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Glaucoma progression occurs slowly in the vast majority of patients, and most patients with glaucoma will not go blind from the disease. However, it is important to get early diagnosis, treatment when indicated, and develop a disease surveillance protocol.
Glaucoma progression occurs slowly in the vast majority of patients, and in the United States, most patients with glaucoma who are less than optimally treated, or even undiagnosed, will not go blind from the disease.
These facts, however, should not diminish the importance of early diagnosis, treatment when indicated, and, most importantly, ongoing surveillance, said Kuldev Singh, MD, MPH during the Glaucoma Symposium CME at the 2016 Glaucoma 360 meeting.
Kuldev Singh, MD, said the combination of high risk and lack of diagnosis/surveillance creates a perfect storm for severe visual disability.
“Studies suggest that if we identified 20 individuals residing in the United States with primary open-angle glaucoma, about half would know that they have the disease and only half of those would be receiving optimal care including appropriate compliance and surveillance,” said Dr. Singh, professor of ophthalmology and director, Glaucoma Service, Stanford University, Stanford, CA. “Two or three of those undiagnosed and/or untreated would represent individuals who are at very high risk of glaucomatous vision loss.”
Dr. Singh pointed out that the combination of high risk based upon genetic factors and lack of diagnosis/surveillance creates the “perfect,” or more fittingly “imperfect surveillance-related storm” for developing severe visual disability from the disease.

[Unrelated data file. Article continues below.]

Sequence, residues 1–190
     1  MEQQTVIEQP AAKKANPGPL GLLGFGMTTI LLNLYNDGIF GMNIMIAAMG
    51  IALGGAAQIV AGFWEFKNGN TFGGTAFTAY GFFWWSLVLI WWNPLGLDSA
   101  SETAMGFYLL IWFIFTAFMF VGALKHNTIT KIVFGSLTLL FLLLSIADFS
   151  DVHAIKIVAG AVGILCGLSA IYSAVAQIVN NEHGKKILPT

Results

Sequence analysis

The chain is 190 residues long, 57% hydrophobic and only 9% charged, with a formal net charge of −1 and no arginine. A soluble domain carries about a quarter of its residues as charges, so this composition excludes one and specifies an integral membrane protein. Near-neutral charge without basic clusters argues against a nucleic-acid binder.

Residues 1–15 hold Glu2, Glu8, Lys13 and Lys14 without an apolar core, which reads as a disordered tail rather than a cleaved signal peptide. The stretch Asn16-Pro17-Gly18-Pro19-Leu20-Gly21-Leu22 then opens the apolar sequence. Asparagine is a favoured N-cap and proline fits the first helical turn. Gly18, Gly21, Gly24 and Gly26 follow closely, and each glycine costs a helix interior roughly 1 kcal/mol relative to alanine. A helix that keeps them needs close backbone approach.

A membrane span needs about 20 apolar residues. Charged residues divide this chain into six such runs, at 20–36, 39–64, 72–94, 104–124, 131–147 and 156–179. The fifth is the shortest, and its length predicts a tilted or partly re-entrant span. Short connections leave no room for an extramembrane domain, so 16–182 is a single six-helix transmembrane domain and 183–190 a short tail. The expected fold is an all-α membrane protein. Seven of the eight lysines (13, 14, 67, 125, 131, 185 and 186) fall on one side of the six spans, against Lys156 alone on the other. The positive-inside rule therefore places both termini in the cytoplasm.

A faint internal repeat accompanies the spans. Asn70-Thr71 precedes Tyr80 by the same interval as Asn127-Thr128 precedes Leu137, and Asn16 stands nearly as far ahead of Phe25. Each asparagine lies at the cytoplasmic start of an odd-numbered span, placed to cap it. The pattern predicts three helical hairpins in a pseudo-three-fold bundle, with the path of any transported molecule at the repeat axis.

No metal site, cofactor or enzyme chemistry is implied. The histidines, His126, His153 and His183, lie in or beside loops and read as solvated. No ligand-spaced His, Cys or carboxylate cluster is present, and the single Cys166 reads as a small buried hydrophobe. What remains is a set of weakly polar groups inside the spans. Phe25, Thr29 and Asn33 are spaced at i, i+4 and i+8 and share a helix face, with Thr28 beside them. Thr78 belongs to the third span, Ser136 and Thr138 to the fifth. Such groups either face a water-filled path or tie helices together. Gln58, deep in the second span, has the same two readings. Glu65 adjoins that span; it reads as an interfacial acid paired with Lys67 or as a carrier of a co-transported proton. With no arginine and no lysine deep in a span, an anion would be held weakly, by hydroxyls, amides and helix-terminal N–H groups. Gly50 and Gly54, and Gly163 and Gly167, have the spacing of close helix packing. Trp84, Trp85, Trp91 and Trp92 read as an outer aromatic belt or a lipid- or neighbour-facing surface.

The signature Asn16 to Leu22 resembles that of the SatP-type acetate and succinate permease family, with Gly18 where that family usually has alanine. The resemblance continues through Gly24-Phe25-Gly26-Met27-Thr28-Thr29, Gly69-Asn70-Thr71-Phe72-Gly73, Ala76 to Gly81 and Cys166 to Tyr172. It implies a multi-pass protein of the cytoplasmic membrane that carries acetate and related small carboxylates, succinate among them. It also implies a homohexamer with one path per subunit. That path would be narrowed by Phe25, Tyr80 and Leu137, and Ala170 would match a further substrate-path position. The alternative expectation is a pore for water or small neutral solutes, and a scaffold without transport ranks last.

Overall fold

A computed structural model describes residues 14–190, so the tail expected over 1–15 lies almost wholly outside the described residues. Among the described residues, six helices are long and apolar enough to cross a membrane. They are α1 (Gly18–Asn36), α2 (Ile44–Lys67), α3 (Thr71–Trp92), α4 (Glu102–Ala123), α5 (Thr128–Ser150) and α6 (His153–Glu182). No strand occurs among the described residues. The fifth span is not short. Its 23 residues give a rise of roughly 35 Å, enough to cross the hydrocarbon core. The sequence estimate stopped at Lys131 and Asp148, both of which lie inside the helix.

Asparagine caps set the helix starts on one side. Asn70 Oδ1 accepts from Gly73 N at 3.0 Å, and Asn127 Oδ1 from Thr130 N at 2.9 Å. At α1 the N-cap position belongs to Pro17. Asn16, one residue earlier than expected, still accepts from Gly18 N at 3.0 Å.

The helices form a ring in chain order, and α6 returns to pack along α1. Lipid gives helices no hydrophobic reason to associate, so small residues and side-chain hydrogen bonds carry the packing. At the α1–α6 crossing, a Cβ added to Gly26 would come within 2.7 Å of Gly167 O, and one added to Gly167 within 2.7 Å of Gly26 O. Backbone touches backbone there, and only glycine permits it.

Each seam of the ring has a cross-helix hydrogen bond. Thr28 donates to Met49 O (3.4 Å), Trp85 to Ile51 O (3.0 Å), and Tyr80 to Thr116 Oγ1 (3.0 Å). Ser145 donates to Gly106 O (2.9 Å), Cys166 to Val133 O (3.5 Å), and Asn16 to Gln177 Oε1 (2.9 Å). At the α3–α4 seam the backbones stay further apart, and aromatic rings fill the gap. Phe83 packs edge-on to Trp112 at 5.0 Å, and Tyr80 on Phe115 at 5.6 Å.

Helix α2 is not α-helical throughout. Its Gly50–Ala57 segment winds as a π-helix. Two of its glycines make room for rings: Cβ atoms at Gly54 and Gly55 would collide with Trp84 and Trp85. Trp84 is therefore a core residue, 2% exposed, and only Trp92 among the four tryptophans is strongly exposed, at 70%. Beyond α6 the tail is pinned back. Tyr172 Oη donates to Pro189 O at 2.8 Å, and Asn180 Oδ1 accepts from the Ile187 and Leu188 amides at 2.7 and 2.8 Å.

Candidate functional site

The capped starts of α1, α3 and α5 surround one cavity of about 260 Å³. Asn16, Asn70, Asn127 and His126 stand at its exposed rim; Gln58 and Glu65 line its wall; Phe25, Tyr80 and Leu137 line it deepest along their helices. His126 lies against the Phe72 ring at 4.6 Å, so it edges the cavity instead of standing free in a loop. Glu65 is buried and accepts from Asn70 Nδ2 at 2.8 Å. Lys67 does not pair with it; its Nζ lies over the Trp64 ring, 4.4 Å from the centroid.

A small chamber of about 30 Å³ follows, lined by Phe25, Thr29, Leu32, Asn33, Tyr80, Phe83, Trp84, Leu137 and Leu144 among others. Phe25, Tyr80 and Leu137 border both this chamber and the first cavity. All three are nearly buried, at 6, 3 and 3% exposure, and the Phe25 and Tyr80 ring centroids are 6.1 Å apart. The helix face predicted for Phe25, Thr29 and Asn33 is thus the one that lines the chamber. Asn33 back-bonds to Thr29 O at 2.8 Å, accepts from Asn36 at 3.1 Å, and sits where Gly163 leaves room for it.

While large clinical trials have provided tremendous information relating to individual risk factors for the development and progression of disease, ophthalmologists still are unable to accurately predict, in a prospective manner, which patients are going to demonstrate rapid- versus slow-disease progression. Family history and ethnicity are helpful in making predictions regarding disease course, but each individual is unique and only time will reveal their true individualized risk, Dr. Singh said.
“With that in mind, it is desirable to find glaucoma early in every patient, but tailor the treatment approach to what happens over time rather than simply using an approach that assumes all patients represent the average from clinical trials,” he commented.
Data from studies conducted as part of a collaboration between Shan Lin, MD, and colleagues at the University of California, San Francisco and San Francisco General Hospital, along with Dr. Singh and colleagues from Stanford University, have shed light on factors related to compliance with glaucoma therapy and supported the importance of appropriate glaucoma surveillance as a possible risk factor for disease progression.
For example, in a study investigating medication adherence based on prescription refill data, they found disease severity was the only factor that was independently associated with medication possession–such that patients with more severe disease were more likely to refill their medications than their counterparts with milder disease [Ophthalmology. 2013;120(6):1150-7].
“It would make sense to think that patients with more severe glaucoma and thus, all other things being equal, greater disease symptoms, would be relatively more likely to refill their medication prescriptions than those who have no visual complaints,” said Dr. Singh. “The study confirmed this hypothesis, while demonstrating that other factors, such as age, race, gender, education, and even the number of medications, were relatively less important determinants of compliance.”
Results of another study showed that greater glaucoma disease severity was associated with a lesser likelihood of having returned for regular follow-up visits in preceding years [Am J Ophthalmol. 2013;156(2):362-9]. Somewhat surprisingly, it also found that patients who were refilling their medications were not more likely to have kept their follow-up appointments.